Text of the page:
We’ve seen 3D printed cameras before, but they always include some prefabricated part: a hinge, a spring, or more complicated bits like shutters and iris mechanisms. But designer Amos Dudley has done what I’ve always hoped someone would do: make a camera entirely out of 3D printed parts — yes, including the lens.
He used a Form 2 SLA printer, which can put out objects using a variety of resin types — a flexible one for one piece, a rigid one for another, a colored one for one piece, a clear one for another. It prints at a high enough precision (sub-millimeter) that things like small gear teeth or other interacting machine parts can be produced without the need to do lots of manual post-work knocking off pieces or sanding them down.
For the shutter, Dudley rejected a few common mechanically simple designs and found a solution in a camera from 1885. Two mirror image planes swoop past one another when the shutter button is pushed, moving from blocking the aperture in one position to blocking it in the other — but while they move, the way is clear. In Dudley’s design, you end up having to press one shutter button to switch them one way and another to switch them back, and there are no set exposure times, but it works.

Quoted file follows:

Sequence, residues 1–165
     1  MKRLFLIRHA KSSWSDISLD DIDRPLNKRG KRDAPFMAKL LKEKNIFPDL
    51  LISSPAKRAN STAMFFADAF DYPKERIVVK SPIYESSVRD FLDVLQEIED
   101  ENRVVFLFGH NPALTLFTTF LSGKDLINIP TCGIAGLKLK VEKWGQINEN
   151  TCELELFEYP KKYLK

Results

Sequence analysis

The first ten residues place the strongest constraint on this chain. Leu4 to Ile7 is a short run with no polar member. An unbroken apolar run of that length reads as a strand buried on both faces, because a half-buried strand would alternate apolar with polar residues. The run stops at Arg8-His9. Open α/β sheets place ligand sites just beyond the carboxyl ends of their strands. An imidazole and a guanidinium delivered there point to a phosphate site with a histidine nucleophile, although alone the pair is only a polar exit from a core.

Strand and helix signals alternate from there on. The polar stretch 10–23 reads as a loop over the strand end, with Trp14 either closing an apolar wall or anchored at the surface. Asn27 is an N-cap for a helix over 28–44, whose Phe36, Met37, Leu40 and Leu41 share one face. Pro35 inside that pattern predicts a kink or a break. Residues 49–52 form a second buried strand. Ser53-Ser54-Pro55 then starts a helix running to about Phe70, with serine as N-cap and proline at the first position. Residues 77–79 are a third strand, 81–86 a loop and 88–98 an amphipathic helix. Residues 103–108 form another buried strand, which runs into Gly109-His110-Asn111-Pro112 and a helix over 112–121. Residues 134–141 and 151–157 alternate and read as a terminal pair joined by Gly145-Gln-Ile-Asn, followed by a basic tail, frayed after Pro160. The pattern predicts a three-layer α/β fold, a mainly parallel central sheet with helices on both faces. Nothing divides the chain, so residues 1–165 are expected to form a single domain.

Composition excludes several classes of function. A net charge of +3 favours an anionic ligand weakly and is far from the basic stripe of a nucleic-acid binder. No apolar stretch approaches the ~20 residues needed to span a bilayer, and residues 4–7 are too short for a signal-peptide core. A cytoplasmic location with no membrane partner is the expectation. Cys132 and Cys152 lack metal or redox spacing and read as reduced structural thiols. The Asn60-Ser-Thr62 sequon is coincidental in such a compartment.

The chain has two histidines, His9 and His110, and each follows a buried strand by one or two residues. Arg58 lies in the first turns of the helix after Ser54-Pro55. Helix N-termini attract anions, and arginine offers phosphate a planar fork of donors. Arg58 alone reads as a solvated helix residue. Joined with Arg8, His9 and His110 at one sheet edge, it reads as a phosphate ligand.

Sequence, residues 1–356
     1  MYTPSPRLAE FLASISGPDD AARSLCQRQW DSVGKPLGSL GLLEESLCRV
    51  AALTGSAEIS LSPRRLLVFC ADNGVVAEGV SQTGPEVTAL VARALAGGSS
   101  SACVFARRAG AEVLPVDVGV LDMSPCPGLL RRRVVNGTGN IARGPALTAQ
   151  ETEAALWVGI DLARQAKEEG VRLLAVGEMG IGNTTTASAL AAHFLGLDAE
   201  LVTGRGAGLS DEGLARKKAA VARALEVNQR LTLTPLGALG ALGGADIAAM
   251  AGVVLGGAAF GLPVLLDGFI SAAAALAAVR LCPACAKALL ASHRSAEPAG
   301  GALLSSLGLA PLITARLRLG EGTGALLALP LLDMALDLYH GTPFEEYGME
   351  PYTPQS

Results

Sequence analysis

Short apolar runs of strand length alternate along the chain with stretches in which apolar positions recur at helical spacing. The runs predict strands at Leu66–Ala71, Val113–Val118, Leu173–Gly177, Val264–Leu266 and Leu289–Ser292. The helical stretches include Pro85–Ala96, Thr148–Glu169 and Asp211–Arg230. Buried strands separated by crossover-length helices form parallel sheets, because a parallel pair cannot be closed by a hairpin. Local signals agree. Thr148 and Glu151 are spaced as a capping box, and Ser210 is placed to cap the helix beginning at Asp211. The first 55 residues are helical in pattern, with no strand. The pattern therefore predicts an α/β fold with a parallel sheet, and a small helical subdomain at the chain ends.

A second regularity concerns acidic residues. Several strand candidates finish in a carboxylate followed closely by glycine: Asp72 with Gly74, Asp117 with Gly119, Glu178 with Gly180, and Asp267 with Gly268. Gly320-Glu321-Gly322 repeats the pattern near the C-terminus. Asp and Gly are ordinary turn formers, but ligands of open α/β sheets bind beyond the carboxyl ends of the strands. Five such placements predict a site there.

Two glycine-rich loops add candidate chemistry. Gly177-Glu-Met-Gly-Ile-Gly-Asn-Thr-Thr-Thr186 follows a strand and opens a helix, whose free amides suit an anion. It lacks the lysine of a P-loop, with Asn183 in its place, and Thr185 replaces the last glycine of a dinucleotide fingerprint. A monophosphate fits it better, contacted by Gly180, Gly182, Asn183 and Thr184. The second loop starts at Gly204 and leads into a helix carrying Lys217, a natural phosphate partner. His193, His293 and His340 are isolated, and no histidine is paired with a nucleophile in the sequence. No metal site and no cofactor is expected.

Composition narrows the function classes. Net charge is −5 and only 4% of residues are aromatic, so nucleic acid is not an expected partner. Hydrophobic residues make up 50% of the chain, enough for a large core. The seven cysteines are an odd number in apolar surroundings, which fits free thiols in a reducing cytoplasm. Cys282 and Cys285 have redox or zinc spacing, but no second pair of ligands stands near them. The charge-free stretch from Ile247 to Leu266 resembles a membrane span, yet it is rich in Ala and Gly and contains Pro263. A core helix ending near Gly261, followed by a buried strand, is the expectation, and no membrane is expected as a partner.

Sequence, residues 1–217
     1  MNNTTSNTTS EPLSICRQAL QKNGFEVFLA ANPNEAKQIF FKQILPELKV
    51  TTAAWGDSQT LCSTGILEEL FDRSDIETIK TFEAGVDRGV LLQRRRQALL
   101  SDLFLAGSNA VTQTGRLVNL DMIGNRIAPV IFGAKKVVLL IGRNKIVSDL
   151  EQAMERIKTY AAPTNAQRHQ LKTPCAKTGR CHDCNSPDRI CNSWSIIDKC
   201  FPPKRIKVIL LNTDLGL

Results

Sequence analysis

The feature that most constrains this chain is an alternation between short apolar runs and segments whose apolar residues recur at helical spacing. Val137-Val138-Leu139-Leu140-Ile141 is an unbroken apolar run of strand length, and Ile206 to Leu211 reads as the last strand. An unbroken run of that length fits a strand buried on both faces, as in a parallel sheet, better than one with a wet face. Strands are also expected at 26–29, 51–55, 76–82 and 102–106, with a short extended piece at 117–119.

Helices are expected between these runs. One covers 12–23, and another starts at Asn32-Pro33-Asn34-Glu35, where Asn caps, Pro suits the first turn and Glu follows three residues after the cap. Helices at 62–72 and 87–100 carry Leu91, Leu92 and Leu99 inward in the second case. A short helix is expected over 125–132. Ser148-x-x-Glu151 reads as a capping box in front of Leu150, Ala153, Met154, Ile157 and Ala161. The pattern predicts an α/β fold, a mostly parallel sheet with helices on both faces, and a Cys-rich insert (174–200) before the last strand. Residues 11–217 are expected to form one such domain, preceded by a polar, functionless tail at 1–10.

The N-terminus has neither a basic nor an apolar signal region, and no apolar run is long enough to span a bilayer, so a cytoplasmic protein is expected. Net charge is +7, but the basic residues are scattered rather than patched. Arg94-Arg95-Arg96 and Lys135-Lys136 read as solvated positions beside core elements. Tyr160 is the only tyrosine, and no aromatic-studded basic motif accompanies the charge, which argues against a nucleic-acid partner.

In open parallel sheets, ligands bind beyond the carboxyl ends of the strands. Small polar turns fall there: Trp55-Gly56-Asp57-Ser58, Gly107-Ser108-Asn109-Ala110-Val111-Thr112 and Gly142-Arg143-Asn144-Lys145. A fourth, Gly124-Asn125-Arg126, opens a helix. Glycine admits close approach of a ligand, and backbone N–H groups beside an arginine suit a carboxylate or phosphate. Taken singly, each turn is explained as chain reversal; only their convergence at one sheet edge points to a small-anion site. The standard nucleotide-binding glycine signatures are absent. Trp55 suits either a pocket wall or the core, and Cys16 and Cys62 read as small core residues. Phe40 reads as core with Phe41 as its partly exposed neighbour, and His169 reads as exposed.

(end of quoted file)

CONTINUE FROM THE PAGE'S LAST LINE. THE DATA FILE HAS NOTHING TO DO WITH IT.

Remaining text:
The amazing part is the lens. First Dudley worked out exactly what optical qualities he’d need, simulating the parts and distances involved in a ray tracer. Then he actually printed it out using a high-quality transparent resin and sanded it down with a custom machine. Then a dip in liquid resin fills in the tiny valleys and flaws, making the lens, if not optically perfect, at least functional. It’s spherical, so there’s problems towards the edges of the frame, but with the aperture limited and other factors accounted for in the body of the camera, it works!
Pop a little film in there (Fujicolor Superia 400 — can’t 3D print that… yet) and it’s ready for its close-ups. Because it has a fixed focus, and not a very distant one.
The rest of the photos are in Dudley’s Flickr stream.
It’s quite an amazing accomplishment, and hopefully it will spur others with similar ideas to create similar devices of their own. Or you could just follow Dudley’s process for practice; the 3D models and other specs are available here.